Thursday, 31 May 2012


How I have missed the blogosphere. The things I have been through lately in the medical realm have been immensely preoccupying. If the persistent haunt of incoming examinations severely obliterating the posterior sphincters of my intelligence, physiology and anatomy (in that order) are anything to go by, my day lasts at least eighteen hours. Oh, add my ward rotations to that. That leaves six hours for social life and other activities. Paradoxically enough, sometimes I feel like I have overslept when I wake up before the alarm clock. I think I need to see my Shaman.

Talking of alarm clocks, lately, I hardly even use mine. Thanks to the numerous sirens, courtesy of living in the vicinity of two major hospitals and right next to a major road, I can wake up any time other than the designated time. Here is how the situation plays out; I fall asleep after a tiring day. Next thing I know, Siren! Siren! SIREN! First thought: maybe it’s a VIP (Very Idiotic Person) maneuvering their way to be on time for a breakfast that’s on my tax or, an ambulance transporting unauthorized morons or contraband to some location. Either way, this calls for Plan A:

 *Gets out of bed, calmly screws the silencer onto the muzzle of his Dragunov and pivots it on the window sill before aiming and squeezing the trigger, sending a single round flying in the cold morning air and watching it sharply connect with the siren- obliterating it on impact. Silence*

Take that you Banshee.

But then again, it may be an ambulance desperate to reach the A&E before the victim inside gives up in which case Plan B comes into play:

*Sinks deeper into bed covering his head with a pillow hoping its sound proofing qualities suffice the current scenario*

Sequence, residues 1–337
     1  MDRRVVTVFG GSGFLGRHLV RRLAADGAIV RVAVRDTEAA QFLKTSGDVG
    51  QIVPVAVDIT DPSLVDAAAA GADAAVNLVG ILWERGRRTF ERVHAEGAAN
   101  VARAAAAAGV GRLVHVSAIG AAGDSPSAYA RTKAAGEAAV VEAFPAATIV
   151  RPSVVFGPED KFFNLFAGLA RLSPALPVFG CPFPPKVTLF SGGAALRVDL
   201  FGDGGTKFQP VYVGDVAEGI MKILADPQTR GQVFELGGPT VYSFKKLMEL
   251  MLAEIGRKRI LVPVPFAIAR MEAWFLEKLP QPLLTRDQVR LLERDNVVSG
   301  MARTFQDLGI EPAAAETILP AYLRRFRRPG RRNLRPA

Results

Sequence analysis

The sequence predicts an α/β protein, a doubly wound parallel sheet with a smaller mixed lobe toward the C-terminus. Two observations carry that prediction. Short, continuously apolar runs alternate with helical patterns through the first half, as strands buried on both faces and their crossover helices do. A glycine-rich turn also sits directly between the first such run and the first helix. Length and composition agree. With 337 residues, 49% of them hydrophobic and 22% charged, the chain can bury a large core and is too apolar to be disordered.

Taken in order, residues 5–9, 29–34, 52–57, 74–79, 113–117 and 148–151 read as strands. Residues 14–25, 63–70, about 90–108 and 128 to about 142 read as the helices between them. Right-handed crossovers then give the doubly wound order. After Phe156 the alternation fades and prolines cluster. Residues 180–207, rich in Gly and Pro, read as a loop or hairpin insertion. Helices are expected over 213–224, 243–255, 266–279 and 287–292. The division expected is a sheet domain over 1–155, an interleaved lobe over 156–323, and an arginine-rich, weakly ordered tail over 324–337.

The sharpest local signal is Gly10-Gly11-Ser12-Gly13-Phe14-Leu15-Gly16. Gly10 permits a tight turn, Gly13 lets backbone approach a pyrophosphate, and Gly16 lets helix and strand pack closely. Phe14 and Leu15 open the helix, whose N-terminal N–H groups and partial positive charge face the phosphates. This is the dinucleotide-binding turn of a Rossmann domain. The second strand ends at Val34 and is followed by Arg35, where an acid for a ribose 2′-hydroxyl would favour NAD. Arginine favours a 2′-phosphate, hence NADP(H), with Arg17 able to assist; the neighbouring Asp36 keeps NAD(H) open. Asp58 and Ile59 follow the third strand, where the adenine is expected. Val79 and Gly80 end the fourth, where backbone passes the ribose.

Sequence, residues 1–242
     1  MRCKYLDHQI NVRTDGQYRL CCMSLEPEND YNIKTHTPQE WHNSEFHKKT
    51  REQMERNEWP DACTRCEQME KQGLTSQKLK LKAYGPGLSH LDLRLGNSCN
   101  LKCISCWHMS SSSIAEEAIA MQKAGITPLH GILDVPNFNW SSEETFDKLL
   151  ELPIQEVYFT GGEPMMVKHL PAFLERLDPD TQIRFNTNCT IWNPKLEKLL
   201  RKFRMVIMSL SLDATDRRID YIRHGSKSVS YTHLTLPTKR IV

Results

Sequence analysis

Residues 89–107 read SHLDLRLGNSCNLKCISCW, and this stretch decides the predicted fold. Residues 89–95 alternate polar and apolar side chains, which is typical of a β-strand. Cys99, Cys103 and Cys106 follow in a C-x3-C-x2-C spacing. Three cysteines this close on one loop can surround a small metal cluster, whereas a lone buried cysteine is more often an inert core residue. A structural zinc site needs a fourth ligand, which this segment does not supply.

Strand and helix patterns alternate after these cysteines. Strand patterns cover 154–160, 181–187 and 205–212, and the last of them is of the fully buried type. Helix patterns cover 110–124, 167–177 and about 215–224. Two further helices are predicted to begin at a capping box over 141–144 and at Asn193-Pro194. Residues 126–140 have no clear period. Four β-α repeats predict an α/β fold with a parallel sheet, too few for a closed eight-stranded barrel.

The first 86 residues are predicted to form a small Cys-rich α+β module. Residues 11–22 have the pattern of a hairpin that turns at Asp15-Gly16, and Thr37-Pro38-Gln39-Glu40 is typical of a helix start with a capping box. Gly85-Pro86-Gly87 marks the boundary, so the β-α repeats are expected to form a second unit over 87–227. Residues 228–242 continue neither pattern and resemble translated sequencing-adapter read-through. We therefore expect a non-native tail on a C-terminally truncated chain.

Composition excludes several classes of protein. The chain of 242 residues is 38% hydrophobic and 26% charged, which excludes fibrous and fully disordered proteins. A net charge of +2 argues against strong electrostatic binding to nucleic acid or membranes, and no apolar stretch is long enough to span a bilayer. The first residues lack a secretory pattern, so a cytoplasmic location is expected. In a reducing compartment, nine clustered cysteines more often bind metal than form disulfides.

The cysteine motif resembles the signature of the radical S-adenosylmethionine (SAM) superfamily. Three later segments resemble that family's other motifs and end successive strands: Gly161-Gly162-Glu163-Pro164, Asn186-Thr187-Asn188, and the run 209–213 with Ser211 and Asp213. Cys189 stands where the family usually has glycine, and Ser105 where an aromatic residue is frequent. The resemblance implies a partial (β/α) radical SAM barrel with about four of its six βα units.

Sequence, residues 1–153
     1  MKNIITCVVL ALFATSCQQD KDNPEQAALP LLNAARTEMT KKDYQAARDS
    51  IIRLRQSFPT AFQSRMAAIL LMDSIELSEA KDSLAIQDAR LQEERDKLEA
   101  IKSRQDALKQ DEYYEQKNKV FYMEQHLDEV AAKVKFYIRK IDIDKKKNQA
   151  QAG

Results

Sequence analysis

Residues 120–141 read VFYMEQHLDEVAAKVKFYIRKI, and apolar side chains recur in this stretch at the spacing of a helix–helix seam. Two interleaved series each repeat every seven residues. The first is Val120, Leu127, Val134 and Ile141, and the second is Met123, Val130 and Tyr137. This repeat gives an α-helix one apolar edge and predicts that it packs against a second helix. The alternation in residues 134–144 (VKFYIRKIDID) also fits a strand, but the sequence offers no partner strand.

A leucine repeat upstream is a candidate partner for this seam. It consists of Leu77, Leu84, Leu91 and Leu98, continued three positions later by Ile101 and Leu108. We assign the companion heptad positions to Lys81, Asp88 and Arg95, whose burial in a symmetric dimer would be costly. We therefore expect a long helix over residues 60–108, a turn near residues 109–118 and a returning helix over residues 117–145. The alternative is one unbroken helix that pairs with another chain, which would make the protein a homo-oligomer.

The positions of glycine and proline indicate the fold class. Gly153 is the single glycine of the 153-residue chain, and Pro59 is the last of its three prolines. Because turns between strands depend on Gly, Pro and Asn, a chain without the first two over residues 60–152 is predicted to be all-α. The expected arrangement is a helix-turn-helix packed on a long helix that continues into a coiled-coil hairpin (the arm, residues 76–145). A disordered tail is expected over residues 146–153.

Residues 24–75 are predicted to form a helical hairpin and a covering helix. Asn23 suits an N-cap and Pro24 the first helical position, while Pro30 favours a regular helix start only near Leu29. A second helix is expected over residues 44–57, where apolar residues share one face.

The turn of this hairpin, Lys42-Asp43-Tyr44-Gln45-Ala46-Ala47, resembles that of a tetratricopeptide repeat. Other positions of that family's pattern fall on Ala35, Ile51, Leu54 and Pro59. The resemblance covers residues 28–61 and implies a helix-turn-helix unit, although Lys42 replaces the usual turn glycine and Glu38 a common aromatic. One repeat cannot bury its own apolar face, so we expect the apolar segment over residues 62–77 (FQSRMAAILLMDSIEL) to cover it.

Not a very good idea, but at least I gave the victim a fighting chance. I can live with that. I resign to dragging myself to the freezing shower. I’ll skip all the uninteresting details until the part where I walk into the hospital gate [slow motion effects] clothes neatly pressed, groomed as per protocol, tie tethering my thyroid, stethoscope and all in place… Then a weaver bird flies by and offloads on me the products of what I later diagnosed as a transient constipation… [Remove slow motion.] Needless to say, my ‘matrix’ skills are not word worthy. I hold on to the idea that being shelled on by avians is considered a blessing by some tribes to keep up with my so far crappy day.

Later, when a few accomplices and I are at the A&E looking to learn a thing or two about clinical practice, a stretcher comes in. Guy on board: an Unknown African Male in stupor smelling of urine, the mud stains on him suggestive of a night of one-too-many ending in an unpremeditated swim in some ditch. After some shaking he finally wakes up with the ‘I’m-I-in-heaven?’ look in his face. A few cheeky questions follow all to establish his state in the time, space and person orientation. At least he remembered that he was over-indulging and that his ‘friends’ are all turds for letting him go home on his own. We can work with that.

First thing to do: fluid therapy. After efforts that almost culminated in us calling a bouncer, the guy calmed down so we could set a drip. Amidst all that, we had brushed off some of our English into his wasted brain and he kept yelling ‘What’s up!’ then staring at us like a retarded goblin. He was then wheeled out to recuperate.

Another U.A.M. is wheeled in and his stretcher parked right next to where we are standing. Other than being schizophrenic, this fellow was either too sleepy or had also partaken of the bottle, the latter more likely. Simple math: ‘The-crazies + Alcohol = Comedy. No?’ *Slaps knee* ‘As you were.’ He pointed at us and said that we had colluded with his wife to steal his land, his beloved goat and his wife while he was asleep. For these charges, he condemned us to a HIV infection, a sentence that would be in effect starting the next week. *Gavel-knock* Case closed.

We try not to laugh as we leave for lunch break. Hardly three paces on, we see Mr. Alcohol, blood dripping from his forearm as he stares at it blankly. He had ripped off the drip that we’d taken forever to fix. When he notices our presence, he stares at us and shouts ‘What’s up!’, then smiles sheepishly. *In my mind* [thick Irish accent] ‘Waiting for a round applause ey?’… We quickly patch him up, recommend close monitoring and walk away. As it all sinks in, I remember a sticker I saw someplace: ‘If you must drink and drive, drink milk.’ My take; if you must drink and take yourself home, at least drink something that won’t make you 'confuse' some culvert for your bed. In related news, any one up for a glass milk?